Secret Network is inflationary, meaning new SCRT is created over time and distributed to node operators based on the current inflation rate for the network. Returns for node operators depend on this inflation rate and the number of tokens staked in the network. You can find the current inflation rate, total supply of SCRT, and the number of tokens staked on this Secret Network block explorer.

If you want to calculate your potential return as a secret node operator or delegator, reference this ROI calculator, or you can follow the examples below:

Say there are 100M SCRT coins in total. Annual network inflation is 15%. 50M of the 100M SCRT coins are currently being staked or delegated. There is no community tax.

(100M total / 50M staked) * 15% inflation = 30% ROI for validators (not including any fees they may earn!)

Or:

Say there are 100M SCRT coins in total. Annual network inflation is 12%. 25M of the 100M SCRT coins are currently being staked or delegated. There is a 25% community tax, meaning 25% of all block rewards goes to an on-chain community pool.

(100M total / 25M staked) * 12% inflation = 48% ROI for validators pre-tax, 36% ROI for validators post-tax.

How can I run a secret node?

These next parts get technical, but they're all important!

If you have an Intel Nuc, you can prepare it with this guide.

secretnodes.org
Community-led group of privacy advocates, passionate about data ownership, and dedicated to supporting secret node runners.
Prepare your Intel NUC Host Machine.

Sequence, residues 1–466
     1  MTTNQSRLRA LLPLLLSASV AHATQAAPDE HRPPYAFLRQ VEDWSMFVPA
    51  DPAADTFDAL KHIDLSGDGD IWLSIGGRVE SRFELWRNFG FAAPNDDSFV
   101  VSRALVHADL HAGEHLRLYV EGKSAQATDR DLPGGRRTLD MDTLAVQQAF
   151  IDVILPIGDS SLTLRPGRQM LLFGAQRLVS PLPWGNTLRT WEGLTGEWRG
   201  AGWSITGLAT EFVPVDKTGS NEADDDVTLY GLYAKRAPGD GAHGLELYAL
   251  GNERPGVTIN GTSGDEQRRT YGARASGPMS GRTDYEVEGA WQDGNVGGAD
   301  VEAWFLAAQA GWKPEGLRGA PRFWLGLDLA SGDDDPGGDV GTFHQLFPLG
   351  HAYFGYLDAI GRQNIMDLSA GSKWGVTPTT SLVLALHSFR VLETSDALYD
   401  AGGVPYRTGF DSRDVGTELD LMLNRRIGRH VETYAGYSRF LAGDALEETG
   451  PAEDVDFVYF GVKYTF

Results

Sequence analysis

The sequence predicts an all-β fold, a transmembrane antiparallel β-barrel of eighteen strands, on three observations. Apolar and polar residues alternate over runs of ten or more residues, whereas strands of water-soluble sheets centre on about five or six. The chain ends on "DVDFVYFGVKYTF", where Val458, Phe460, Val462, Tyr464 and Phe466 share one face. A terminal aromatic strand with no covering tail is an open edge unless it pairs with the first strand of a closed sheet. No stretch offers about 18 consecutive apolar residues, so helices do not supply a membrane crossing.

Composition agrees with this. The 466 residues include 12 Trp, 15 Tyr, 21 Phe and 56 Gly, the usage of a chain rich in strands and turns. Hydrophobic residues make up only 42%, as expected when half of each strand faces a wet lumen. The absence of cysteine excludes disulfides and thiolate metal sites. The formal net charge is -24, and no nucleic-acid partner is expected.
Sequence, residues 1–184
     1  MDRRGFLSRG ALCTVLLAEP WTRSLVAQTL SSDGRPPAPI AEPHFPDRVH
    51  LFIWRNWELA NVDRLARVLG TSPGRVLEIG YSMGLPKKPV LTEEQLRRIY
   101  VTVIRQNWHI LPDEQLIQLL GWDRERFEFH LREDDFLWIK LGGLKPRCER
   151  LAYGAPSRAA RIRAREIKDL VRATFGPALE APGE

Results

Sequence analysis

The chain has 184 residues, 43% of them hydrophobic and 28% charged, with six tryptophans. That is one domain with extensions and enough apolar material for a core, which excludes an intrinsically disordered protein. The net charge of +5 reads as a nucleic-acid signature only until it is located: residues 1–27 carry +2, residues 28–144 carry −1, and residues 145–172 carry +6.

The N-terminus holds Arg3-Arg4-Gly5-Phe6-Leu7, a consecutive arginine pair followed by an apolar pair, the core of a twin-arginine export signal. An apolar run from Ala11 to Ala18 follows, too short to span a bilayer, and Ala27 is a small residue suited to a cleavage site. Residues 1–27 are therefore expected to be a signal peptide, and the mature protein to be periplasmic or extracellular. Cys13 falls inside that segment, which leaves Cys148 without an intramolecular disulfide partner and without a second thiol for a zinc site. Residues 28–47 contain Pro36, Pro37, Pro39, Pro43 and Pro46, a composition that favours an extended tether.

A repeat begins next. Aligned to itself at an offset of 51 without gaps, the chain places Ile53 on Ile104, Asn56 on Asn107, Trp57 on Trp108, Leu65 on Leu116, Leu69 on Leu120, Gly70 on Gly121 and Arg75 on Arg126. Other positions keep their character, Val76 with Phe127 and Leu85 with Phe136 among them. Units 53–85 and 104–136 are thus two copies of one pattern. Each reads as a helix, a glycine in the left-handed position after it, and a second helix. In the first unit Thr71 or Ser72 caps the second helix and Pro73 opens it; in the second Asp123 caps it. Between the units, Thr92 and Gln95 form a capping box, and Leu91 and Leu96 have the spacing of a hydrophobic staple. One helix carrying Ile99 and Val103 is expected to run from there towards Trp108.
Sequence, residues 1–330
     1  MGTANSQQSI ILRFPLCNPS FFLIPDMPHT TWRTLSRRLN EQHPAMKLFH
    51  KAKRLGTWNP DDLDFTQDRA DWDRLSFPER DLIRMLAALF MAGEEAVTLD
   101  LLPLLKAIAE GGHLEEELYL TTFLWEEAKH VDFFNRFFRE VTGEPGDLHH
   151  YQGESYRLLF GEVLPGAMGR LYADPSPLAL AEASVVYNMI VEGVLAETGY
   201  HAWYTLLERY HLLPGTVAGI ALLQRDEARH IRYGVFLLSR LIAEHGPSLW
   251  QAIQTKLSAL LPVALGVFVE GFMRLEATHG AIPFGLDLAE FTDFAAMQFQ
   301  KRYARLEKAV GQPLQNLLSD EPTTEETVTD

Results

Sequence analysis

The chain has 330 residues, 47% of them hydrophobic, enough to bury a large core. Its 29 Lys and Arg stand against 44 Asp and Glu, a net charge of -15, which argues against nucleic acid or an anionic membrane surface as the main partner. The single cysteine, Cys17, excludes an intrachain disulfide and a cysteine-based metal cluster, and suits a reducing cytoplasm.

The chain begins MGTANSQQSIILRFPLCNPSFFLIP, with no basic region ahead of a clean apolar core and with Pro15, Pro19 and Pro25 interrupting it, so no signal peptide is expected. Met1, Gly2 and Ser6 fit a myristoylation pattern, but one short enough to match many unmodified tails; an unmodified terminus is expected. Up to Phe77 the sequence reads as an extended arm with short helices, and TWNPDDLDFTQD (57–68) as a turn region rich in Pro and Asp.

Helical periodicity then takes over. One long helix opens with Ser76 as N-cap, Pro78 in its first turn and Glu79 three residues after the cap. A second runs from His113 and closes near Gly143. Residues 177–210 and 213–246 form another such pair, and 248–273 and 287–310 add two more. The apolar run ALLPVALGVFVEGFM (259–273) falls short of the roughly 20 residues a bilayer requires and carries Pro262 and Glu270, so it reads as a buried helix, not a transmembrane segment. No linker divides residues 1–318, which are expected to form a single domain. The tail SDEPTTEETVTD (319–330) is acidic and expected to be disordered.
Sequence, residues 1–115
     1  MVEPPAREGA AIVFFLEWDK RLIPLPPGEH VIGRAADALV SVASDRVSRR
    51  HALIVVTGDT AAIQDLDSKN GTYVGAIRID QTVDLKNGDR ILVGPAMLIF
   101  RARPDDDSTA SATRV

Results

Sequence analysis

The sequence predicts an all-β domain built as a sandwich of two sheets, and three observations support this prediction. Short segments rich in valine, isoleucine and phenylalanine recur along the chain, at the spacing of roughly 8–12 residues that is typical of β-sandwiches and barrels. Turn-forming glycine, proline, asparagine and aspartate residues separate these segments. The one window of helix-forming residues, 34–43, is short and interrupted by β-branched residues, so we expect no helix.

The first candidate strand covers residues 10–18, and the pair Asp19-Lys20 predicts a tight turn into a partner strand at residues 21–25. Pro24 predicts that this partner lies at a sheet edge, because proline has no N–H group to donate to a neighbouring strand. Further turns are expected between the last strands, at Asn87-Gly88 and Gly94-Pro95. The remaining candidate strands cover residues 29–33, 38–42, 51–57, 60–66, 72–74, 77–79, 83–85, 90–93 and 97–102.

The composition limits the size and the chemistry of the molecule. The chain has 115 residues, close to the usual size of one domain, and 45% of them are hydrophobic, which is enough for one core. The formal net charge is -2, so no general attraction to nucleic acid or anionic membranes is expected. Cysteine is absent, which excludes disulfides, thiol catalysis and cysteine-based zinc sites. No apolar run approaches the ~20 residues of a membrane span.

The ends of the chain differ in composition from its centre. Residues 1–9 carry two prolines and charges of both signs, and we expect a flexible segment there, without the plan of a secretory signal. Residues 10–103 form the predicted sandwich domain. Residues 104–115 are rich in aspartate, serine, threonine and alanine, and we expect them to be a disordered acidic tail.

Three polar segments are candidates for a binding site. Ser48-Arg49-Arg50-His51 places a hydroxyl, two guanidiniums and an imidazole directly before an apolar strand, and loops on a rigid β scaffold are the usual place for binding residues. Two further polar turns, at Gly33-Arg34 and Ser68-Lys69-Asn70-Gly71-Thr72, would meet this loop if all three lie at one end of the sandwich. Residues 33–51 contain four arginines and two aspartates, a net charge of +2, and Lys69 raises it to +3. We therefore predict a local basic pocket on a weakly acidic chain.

Now you must setup a full node:

secretnodes.org
Community-led group of privacy advocates, passionate about data ownership, and dedicated to supporting secret node runners.
Deploy a Full Node

After you've setup a full node, you must turn it into a Validator.

secretnodes.org
Community-led group of privacy advocates, passionate about data ownership, and dedicated to supporting secret node runners.
Turn your Full Node into a Validator

Now that you have your validator setup, it is highly recommended that you back it up.

secretnodes.org
Community-led group of privacy advocates, passionate about data ownership, and dedicated to supporting secret node runners.
Backup your Validator.

Protect your validator from DDOS attack. Remember it is your responsibility to keep your validator up and running. Setting up Sentry Nodes can protect you from downtime.

secretnodes.org
Community-led group of privacy advocates, passionate about data ownership, and dedicated to supporting secret node runners.
Deploy Sentry Nodes

What are hardware and software requirements?

Specialized hardware requirements for the current Secret Network mainnet are not substantial. However, in the future running a secret node will require access to an SGX-enabled computer or an SGX-enabled cloud operator. Any 6th Generation Intel Processor (Skylake) after Q3 of 2015 should have this capability. However, this may or may not be enabled by the BIOS — for example, SGX in Mac computers is not and cannot be enabled. Currently cloud providers like IBM and Alibaba Cloud do enable SGX instances. For a detailed list of SGX enabled hardware and cloud options, please visit this link.


Secretnodes.org runs a secret node on mainnet and is a key contributor to the Secret Network ecosystem. They also operate Puzzle, a Secret block explorer.